Are you keeping up with the happenings inside Microsoft’s .NET platform? Then you must have heard about one of its tools that’s been getting all the hype these past few years. We’re talking about Blazor.
The name is a clever combination of the words “browser” and Razor, and for people who know a thing or two about UI building and .NET development, it speaks for itself. For those who don’t – it’s a name of a tool that allows you to build front-end applications using the .NET Razor components, C#, and HTML and run them directly in the browser or on a server. Razor is a markup syntax for creating dynamic web pages in Asp.net Core.
Simply put, implementing Blazor ensures that building web apps is easy, doesn’t involve a steep learning curve, and that the created solution isn’t code-heavy, resulting in a slow loading time.
If you want to develop Blazor apps, Microsoft’s Visual Studio is the go-to development environment. With Visual Studio’s built-in templates and tools, you can quickly create, debug, and deploy Blazor apps.
WebAssembly, which is based on open web standards, doesn’t call for the download of additional plugins and enables editing, modifying, and in-browser rendering of web Interface components even when the server is down. However, there are some restrictions linked to the browser’s capabilities or the speed at which web applications load.
The other hosting model offered by Blazor is through the Blazor Server, which uses the messaging framework SignalIr to inform the server about the changes in client-side web UI components. The loading time of the server-based app is much faster than the client-side one; moreover, this hosting model takes full advantage of the .NET Core APIs. The problem occurs when the connection fails since there is no offline support.
For those who want the best of both worlds – the speed of the client-side solution combined with access to the device’s native capabilities – there is a Blazor Hybrid. This solution uses .NET native frameworks, such as Multiplatform APP UI (MAUI), WPF, and Windows Forms, to link Razor components with web technologies to create native apps.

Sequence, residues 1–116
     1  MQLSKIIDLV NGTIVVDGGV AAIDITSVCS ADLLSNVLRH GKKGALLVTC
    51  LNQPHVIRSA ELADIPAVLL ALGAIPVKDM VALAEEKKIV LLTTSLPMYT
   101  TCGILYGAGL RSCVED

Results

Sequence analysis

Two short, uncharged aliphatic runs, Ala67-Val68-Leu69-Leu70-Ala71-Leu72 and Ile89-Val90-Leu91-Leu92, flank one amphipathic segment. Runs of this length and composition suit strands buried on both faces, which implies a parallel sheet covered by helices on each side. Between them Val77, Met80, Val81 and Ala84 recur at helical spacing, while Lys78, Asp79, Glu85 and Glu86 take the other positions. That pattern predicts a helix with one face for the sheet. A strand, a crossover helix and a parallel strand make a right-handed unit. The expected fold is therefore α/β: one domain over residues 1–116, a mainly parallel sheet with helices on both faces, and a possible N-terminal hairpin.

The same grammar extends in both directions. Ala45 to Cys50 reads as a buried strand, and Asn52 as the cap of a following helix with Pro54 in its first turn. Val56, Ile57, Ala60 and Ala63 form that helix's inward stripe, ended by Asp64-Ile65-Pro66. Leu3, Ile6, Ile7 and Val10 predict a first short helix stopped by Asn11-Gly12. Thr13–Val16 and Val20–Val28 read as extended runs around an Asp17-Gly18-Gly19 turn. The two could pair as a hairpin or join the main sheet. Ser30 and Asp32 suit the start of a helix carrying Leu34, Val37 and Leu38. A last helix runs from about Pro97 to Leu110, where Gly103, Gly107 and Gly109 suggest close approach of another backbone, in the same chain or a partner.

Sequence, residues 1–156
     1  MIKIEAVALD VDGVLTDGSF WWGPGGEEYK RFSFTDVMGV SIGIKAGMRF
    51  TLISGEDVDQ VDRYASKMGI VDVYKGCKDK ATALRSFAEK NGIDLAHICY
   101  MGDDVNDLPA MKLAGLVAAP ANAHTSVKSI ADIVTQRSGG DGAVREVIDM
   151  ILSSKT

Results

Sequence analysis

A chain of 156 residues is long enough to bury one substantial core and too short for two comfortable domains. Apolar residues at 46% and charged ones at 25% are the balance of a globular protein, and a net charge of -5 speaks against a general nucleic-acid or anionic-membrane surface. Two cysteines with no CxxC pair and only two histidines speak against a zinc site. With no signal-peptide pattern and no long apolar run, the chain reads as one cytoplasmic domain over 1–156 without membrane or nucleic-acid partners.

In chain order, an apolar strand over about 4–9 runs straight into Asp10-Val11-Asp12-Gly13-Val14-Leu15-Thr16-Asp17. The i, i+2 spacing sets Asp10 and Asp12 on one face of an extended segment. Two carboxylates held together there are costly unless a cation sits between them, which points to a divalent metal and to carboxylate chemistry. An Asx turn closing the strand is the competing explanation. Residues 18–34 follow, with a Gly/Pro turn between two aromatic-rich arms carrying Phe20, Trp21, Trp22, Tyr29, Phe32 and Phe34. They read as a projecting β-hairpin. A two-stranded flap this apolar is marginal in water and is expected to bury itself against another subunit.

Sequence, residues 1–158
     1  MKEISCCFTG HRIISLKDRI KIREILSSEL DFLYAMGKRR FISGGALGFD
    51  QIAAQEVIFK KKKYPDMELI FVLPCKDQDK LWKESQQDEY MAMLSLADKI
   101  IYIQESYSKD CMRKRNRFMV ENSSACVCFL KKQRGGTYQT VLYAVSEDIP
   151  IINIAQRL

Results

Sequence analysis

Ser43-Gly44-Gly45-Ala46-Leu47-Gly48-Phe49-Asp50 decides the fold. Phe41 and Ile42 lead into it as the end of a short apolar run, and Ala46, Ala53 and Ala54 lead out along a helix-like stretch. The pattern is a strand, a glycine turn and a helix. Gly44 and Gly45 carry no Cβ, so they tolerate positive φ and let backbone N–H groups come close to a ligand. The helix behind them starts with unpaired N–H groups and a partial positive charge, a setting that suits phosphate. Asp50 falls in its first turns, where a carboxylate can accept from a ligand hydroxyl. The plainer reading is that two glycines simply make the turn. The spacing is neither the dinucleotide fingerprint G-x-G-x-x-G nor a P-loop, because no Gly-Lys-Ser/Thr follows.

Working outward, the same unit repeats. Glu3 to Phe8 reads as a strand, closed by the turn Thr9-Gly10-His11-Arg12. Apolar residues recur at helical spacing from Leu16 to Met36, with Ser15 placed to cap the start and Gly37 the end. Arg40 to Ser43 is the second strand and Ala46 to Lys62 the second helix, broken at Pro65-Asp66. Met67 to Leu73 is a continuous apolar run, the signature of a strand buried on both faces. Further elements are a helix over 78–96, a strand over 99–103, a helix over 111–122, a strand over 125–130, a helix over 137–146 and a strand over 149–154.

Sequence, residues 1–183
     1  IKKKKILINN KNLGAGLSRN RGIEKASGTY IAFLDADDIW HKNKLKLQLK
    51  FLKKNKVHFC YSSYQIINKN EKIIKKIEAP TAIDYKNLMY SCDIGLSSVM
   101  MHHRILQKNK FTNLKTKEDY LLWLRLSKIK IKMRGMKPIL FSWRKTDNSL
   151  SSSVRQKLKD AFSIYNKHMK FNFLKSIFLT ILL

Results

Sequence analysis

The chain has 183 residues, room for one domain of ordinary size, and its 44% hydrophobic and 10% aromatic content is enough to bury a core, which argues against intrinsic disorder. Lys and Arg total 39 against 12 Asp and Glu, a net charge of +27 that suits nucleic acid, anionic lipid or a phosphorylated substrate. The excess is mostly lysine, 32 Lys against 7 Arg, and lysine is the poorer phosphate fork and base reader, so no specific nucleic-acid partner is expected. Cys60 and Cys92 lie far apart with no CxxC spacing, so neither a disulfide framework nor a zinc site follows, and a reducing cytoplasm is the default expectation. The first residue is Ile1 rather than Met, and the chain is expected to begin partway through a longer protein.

Blazor Hybrid, when utilized on a desktop, leverages Blazor Web View to control WPF and Windows Forms and execute components natively on the desktop. This means that new UI can always be incorporated into Windows applications.
The Blazor Hybrid solution doesn’t actually use WebAssembly – components don’t run in the browser. Instead, they are rendered through the embedded Web View control and take advantage of the access to the native device capabilities provided by the connection with the .NET platform.
With .NET Maui in the mix, you can develop .Net Maui Blazor apps that will work not only on the desktop but also on Android, iOS, or MacOS. Thanks to .NET MAUI, web Blazor components can be rendered inside native apps, and mobile and desktop solutions can be reached easily through a single codebase. This means that you can create powerful native mobile apps that take advantage of the platform’s capabilities while still using the familiar syntax of the .NET framework.